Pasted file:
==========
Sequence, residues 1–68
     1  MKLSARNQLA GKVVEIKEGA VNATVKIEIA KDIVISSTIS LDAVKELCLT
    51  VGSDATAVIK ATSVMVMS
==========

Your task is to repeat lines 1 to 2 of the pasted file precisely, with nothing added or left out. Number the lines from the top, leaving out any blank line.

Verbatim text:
Sequence, residues 1–68
     1  MKLSARNQLA GKVVEIKEGA VNATVKIEIA KDIVISSTIS LDAVKELCLT